hooked rugs


Teal McKibben (1928–2006) circa 1950.

Teal McKibben was born in Ames, Iowa in 1928. Her father was an agricultural engineer and academic and her mother was a homemaker. As a young person she was encouraged to explore all of her creative interests. She played the cello and sang; learned to hook rugs and embroider cloth from her parents, and began her lifelong love of drawing.

Later the family moved to Hawaii where her father helped mechanize the pineapple industry. Teal graduated from Punahou High School in Honolulu. She then studied art at Stevens College in Missouri and the University of New Mexico in the early 1950's. She subsequently lived and painted in Texas, Connecticut and Cambridge, Massachusetts. In Cambridge, she set up a studio and painted intensively in an expressionistic style all the while gaining recognition. In 1959 she was chosen by Art in America Magazine as one of this country's most talented young painters. (Art in America “New Talent In The U.S.A.” Number One, 1959).

She eventually settled and raised a family in Boston. Her paintings and drawings were exhibited at the Boris Mirsky Gallery and for many years she was represented by the Joan Petersen Gallery. Her work was also widely exhibited in many regional museums, including the Institute of Contemporary Art, and the Decordova, Fuller and Danforth Museums.

In this busy period of her life, Teal worked in ceramics and photography and always involved her two young sons in whatever medium she investigated. She also began to collect ethnographic arts, including West African masks and jewelry, and carved figures and reverse applique textiles (molas) from the Kuna people of Panama. It was however, Navajo and Pueblo jewelry from the American Southwest that became her true passion.

Looking into the studio

Her artwork changed dramatically in this period as she stopped making paintings and focused on drawing. Teal also began to develop trading into a business, and at the same time grew less interested in the commercial aspect of the art world. She gradually stopped exhibiting her art.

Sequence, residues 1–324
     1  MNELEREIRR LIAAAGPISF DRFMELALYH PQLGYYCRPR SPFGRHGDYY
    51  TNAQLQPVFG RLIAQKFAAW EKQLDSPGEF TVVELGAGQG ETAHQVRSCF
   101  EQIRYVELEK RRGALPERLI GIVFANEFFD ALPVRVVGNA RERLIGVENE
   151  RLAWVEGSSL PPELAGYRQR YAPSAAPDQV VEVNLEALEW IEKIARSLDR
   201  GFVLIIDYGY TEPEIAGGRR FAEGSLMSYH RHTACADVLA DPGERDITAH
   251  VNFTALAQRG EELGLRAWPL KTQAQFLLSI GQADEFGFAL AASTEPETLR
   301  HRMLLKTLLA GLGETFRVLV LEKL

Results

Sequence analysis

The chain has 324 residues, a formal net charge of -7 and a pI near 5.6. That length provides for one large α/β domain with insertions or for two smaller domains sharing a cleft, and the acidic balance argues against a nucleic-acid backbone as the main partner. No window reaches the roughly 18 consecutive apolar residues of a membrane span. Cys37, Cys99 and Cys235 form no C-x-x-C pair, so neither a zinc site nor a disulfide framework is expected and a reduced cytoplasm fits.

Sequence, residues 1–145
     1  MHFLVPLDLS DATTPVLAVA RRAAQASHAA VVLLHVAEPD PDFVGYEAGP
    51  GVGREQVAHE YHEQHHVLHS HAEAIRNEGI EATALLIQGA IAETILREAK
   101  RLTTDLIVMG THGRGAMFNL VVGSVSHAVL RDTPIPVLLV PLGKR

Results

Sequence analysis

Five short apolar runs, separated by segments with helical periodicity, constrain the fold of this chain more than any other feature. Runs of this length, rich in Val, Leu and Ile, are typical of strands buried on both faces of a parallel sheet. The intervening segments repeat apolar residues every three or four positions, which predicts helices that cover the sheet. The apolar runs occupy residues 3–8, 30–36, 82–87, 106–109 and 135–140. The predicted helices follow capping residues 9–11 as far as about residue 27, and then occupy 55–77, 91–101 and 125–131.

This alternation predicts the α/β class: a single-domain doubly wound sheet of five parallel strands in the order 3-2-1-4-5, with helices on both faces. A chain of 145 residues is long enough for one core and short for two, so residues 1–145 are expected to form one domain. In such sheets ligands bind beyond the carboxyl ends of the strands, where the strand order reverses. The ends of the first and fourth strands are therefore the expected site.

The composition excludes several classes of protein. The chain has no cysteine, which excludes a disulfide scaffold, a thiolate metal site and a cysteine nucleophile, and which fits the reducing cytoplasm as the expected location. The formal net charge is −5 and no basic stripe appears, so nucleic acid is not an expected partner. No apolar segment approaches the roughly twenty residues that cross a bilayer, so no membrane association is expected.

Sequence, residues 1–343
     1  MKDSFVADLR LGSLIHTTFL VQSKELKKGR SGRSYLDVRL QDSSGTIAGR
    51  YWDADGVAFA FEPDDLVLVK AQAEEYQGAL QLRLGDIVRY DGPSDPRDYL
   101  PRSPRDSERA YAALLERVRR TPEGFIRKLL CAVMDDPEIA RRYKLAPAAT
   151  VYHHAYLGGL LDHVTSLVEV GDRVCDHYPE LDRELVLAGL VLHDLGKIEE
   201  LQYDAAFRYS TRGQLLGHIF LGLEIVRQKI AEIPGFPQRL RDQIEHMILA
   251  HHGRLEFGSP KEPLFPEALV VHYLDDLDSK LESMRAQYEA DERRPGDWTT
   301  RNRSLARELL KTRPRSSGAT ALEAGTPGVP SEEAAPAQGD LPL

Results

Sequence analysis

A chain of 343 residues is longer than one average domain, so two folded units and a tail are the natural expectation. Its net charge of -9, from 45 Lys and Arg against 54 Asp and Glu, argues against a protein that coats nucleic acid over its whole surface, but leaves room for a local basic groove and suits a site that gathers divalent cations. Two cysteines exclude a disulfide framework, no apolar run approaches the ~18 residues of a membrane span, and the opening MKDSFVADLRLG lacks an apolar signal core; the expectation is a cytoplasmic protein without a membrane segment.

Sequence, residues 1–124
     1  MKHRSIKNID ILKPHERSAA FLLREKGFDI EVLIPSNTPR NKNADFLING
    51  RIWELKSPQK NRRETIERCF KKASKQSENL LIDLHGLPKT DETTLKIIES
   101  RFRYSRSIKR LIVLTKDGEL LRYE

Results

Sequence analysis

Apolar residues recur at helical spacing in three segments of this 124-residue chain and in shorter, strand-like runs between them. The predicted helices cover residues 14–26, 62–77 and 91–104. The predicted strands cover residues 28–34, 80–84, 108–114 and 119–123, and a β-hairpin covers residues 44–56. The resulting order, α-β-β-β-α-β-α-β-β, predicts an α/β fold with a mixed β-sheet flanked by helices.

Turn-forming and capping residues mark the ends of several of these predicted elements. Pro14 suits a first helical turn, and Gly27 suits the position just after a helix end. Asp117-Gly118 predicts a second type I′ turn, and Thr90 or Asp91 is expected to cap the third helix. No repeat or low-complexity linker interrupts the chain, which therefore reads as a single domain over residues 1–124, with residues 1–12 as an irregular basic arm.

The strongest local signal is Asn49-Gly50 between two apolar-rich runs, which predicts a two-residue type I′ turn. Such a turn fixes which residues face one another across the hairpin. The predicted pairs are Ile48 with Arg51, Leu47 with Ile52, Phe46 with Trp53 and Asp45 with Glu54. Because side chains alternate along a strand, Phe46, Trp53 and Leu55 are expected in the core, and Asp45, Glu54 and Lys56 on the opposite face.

Having already established a trading business in part by frequent trips to New Mexico, in 1978 she moved to Santa Fe and opened her own shop, La Bodega. Here she collected and sold contemporary and antique Indian jewelery. She became an expert on the various techniques and styles of Navajo silver work. Cultivating lasting friendships with the jewelers whose work she represented, she became a strong advocate for Native American artists and their traditions. A trusted authority in the area of Navajo jewelry, her expertise was sought after by many of her fellow traders.

Living room

New Mexico was a place of profound discovery for Teal and her art flourished in new ways. She began to draw in chalk pastel the objects she collected and arranged in her house. These drawings, rendered in meticulous, photo-realist detail, represent not only her deep respect for the objects themselves, but her commitment to a diligent work ethic. She worked several hours each morning before opening her shop in the afternoon.

Teal also carried on her family tradition of hooking rugs. She created many large-scale geometric patterned rugs and then began to interpret Pueblo and Navajo mythological figures into new designs with an astounding array of colors.


During her life in Santa Fe, Teal made her art for herself. She understood drawing and making things to be acts of survival; meditations that allowed her to navigate each day. It was not until late in her life that the idea of showing her work once again seemed right. In 2007 a selection of Teal's work was exhibited in her shop, which she enjoyed immensely.